Flashcards in Week 3 part 1 Deck (100):
What insicion is used for lower segment caesarean section, laparotomy, abdo and vaginal hysterectomy and laparoscopy?
Common Surgical Incision (O&G)
Muscle layers of abdomen from outer to inner?
What muscles attach between lower ribs and iliac crest, pubvic tubercle and linea alba?
What is linea alba?
Midline blending of aponeuroses
What do fibres of external intercostals run in same direction as?
External obliques (
What do internal obliques attach between?
LOwer ribs, thoracolumbar fascia, iliac crest and linea alba
What is made up of the combined aponeuroses of anterolateral abdominal wall musclers and lies immediately deep to superficial fascia?
Nerve between transversus abdominus and internal oblique?
What do 7th to 11th intercostal nerves become?
Iliohypogastric and ilioinguinal
What arteries supply anterior abdominal wall?
Superior and ingerior epigastric arteries
continuation of internal thoracic
emerges at superior aspect of abdominal wall
lies posterior to rectus abdominis
Superior epigastric arteries
branch of the external iliac artery
emerges at inferior aspect of abdominal wall
lies posterior to rectus abdominis
Inferior epigastric arteries
What supplies lateral abdominal wall muscles?
Intercostal and subcostal arteries
Continuations of posterior intercostal arteries
Emerge at lateral aspect
In a lower section caesarian section what way are rectus muscles moved apart? They are not cut.
Lateral direction toward nerve supply
What layers are seen when opening laparotomy?
Skin and fascia
In a laparoscopy - if a lateral port is required care must be taken to avoid what artery?
Inferior epigastric artery
What artery emerges just medial to deep inguinal ring (located halfway between ASIS and pubic tubercle)?
Inferior epigastric artery - branch of external iliac artery
From 20 weeks how often will pregnant women be seen/
At 4 week intervals
From 30 weeks how often will pregnant women be seen?
At 2 week intervals
At 28 weeks if rhesus negative what will be offered?
In pregnancy: at 12 weeks what is offered?
FBC, antibodies, glucose, syphilis, rubella
In pregnancy: at 16 weeks what is done?
Triple test or alpha feto protein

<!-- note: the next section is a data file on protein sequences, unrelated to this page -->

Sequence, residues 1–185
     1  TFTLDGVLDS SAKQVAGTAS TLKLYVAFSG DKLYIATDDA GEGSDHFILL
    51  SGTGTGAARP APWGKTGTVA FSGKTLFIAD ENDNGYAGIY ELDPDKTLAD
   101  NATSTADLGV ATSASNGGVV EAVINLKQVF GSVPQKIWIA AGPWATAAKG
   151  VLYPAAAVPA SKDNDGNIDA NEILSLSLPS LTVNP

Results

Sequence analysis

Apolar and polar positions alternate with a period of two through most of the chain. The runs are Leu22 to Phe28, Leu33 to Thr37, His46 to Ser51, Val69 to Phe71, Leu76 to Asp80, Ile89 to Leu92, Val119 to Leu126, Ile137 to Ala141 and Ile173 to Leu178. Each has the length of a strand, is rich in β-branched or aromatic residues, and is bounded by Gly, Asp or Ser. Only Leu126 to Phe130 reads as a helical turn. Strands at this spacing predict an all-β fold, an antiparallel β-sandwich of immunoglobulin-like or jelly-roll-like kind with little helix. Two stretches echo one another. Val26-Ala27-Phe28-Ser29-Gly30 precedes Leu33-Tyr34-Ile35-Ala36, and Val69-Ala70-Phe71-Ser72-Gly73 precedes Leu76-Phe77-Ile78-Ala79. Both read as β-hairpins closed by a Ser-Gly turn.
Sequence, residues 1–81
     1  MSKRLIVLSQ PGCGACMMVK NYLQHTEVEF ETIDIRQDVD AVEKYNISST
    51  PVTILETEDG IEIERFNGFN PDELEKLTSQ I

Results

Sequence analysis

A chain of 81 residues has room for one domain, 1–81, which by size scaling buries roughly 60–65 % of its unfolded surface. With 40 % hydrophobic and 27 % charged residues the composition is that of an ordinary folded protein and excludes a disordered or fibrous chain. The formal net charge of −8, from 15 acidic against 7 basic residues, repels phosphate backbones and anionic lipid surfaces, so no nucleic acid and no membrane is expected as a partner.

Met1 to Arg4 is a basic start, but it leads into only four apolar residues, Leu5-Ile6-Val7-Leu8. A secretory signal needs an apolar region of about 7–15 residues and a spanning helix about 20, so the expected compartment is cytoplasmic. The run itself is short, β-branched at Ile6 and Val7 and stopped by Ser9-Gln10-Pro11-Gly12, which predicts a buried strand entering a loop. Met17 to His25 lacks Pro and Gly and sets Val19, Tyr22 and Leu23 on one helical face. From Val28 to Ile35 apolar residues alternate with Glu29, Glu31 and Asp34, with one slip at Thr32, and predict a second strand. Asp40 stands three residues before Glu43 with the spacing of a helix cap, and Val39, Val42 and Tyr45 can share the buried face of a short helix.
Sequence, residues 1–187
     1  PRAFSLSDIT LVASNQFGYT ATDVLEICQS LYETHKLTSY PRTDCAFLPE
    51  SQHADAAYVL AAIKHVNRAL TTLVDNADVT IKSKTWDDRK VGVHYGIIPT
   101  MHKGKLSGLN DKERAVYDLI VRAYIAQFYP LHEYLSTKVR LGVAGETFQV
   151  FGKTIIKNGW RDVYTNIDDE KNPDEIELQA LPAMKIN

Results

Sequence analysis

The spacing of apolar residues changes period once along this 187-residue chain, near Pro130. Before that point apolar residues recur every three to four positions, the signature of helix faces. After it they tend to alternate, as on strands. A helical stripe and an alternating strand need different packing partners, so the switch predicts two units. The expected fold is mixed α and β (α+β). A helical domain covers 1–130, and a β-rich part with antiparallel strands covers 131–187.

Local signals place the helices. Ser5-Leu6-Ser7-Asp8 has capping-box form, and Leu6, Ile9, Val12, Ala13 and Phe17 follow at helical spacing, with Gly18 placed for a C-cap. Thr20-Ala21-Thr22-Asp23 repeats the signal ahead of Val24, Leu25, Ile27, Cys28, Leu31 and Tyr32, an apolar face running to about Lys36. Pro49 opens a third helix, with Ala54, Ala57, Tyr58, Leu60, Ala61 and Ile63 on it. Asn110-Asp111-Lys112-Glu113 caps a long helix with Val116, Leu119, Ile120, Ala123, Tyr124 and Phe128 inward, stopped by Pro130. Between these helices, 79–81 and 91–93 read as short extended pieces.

When is first ultrasound down in pregnancy?
At 18 weeks
At 12 weeks gestation what will the uterus be at the level of?
At 20 weeks gestation where will the uterus almost reach?
At 28 weeks where will the uterus almost have reached?
In pregnancy when is booking scan performed?
Around 6 to 7 weeks
In embyonoc period how does the embryo receive nutrition?
From yolk sac via vitelline duct
Reeding hair line
In first trimester - how is downs syndrome assessed risk?
Measure skin thickness behind fetal neck using utrasound = nuchal thickness
Combined with HCG and PAPP-A
When is down syndrome nuchal thickenss tested?
At 11 - 13 +6 weeks
In the second trimester how is downs risk assessd?
1. Blood sample at 15-20 weeks
2. Assay of HCG and AFP
If the personal risk for downs syndrome baby is greater than 1:250 then it is high risk - what is then required?
Further investigation - amniocentesis
In downs syndrome risk assessment if AFP and HCG are normal what does risk depend on?
In downs syndrome risk assessment if afp IS HIGH and HCG low then what is risk ?
Low - but high spina bifida risk
In downs syndrome risk assessment if high HCG and lower AFP what is risk?
Hihg - irresepctive of maternal age
When is amniocentesis usually performed and what is the risk?
After 15 weeks
Risk of miscarriage 1%
Chorionic villus sampling is used for downs syndrome testing - what is risk and when is it performed?
Carries miscarriage rate of 2%
In days 5 - 7 what happens to blastocyst?
In the blastocyst what do inner cells develop into?
In the blastocyst what do outer cells develop into?
Burrow into uterine wall and become placenta
Is the trophoblast layer of blastocyst on surface of cell?
At what day does blastocyst become buried in uterine lining?
By day 12
What two tissue types make up the placenta?
In placental development what do trophoblast cells (chorion) differentiate into>
Syncytiotrophoblasts - these invade decidua and break down capillaries to form cavities filled with maternal blood
What does each placental villi cpntain?
foetal capillaries separated from maternal blood by thin layer of tissue
When do the placenta and foetal heart begin to function?
By 5th week of pregnancy
In placental development Human Chorionic Gonadotropin HCG signals the corpus luteum to secrete progesterone - what does this stimulate?
Decidual cells to concentrate glycogen, proteins and lipids